October 31 is becoming a red letter day for societal and monetary revolution

Most people equate October 31st each year as the celebration of Halloween, however there are two other interesting events that occurred on this day... one 500 years ago and the other just nine years ago, that both carried the potential for societal and monetary revolution.

500 years ago yesterday a Monk from a Catholic Order became fed up with the corruption of the church and sought to protest what he saw by nailing '95 Thesis' to the local church door.  This action, coupled with the advent of the Printing Press just a few decades earlier, sparked a revolution that would change the face of Europe forever, and bring about the rise individual freedoms and of the Age of Reason.

500 years ago to the day, on October 31, 1517, a German monk of the Augustinian order named Martin Luther sent a letter to his Archbishop expressing concern about certain practices of Church officials.

In Luther’s era it had become typical for clergymen to sell ‘indulgences’ to anyone who wanted to be pardoned for sins.

Martin Luther felt this practice was a terrible affront to Christian doctrine, so he sent a letter up the chain of command outlining 95 logical points in his argument.

And as a result, this letter would come to be responsible for kicking off one of the most important social transformations in all of human history, what we now call the Protestant Reformation.

The Reformation was ultimately about rejection of central authority… specifically, the Church.
By the 1500s the Church had firmly cemented its influence over nearly every aspect of life– commerce, politics, economics, family affairs, war, social trends, etc.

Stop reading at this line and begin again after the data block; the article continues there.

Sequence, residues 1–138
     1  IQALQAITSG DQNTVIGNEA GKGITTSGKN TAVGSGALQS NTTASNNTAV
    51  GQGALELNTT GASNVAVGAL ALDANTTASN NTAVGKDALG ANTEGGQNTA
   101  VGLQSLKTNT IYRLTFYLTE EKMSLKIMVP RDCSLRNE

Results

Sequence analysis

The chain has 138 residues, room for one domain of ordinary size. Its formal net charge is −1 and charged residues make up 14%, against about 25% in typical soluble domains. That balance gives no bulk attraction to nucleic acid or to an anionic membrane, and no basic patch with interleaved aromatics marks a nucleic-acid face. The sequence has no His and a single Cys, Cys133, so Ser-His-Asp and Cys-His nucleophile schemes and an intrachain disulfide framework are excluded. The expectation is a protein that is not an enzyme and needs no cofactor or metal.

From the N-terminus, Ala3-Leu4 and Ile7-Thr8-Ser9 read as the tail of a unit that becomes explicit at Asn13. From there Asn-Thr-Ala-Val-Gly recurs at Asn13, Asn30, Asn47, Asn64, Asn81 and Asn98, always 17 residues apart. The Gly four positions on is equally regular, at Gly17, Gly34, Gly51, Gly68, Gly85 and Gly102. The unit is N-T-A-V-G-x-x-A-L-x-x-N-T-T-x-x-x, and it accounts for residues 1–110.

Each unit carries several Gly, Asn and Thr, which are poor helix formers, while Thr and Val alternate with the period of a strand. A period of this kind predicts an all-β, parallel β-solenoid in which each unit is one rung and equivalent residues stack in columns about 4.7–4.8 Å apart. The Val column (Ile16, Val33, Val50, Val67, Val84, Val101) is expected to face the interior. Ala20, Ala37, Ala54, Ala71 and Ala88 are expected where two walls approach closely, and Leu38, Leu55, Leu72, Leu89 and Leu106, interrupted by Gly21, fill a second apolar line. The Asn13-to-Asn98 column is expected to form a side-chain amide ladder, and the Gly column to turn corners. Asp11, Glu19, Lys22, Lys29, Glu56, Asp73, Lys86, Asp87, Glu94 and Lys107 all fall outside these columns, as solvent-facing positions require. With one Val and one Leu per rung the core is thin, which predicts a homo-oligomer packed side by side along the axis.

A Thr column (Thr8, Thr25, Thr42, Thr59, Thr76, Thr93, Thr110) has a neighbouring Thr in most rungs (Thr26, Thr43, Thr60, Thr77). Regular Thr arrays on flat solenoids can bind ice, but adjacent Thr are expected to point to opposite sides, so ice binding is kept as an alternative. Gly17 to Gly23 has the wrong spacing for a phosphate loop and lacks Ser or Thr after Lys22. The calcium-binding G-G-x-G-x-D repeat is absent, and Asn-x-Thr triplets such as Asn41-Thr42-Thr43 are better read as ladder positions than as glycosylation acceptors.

At the core of the Church’s power was its theological monopoly.

Underpinning this entire revolution was relatively new game-changing technology– the movable-type printing press.

Suddenly there was no more middle man standing between an individual and his relationship with a higher power– it was the ultimate in decentralization.
— Sovereign Man

At that time the Printing Press was as revolutionary to mankind as another innovation would become five centuries later.  And now with the internet acting as a beacon of light to nearly all the world the same way mass production of written knowledge became in Martin Luther's era, that technology is being used to invoke a new and powerful tool for de-centralization.

Cryptocurrencies and the Blockchain.

Martin Luther King Bitcoin.jpg

As with the anniversary of Martin Luther's rebellious act against the church, October 31 is also the anniversary of Satoshi Nakamoto's famous White Paper on creating a de-centralized monetary system.  And this Oct. 31 marks the ninth year since that historic Paper was published at the height of the Financial Crisis, and in less than a decade it is sparking its own revolution among peoples and governments.

Bitcoin is celebrating its ninth anniversary on Tuesday. On this day in 2008, an unknown person with the alias Satoshi Nakamoto announced the creation of the bitcoin “Peer-to-Peer Electronic Cash System.”

At the very beginning, bitcoin had no value at all until March 2010 when it was worth $0.003. Now, one coin is worth over $6,000, and its market capitalization is greater than Goldman Sachs, Bayer or UPS. For an early investor, $1 in bitcoin nine years ago is worth over $2,000,000 today.
— The Daily Economist

Money has always been the source of power for governments and institutions seeking to gain authority and control over masses of people.  And whether it was through a written word, or a digital idea, the foundation for breaking tyrannical control always began with attacking the tyrant's pocketbook.

In this age where technology and innovation multiplies in terms of months rather than centuries, it will not take hundreds of years for Bitcoin or the Blockchain to invoke change at every level of society like it did for Martin Luther's ideas to spread across Europe.  And with this in mind, the world will not have to wait long to see changes manifest before their eyes, and where many will even live to see these changes usher humanity into a similar paradigm shift like we experienced 500 years ago.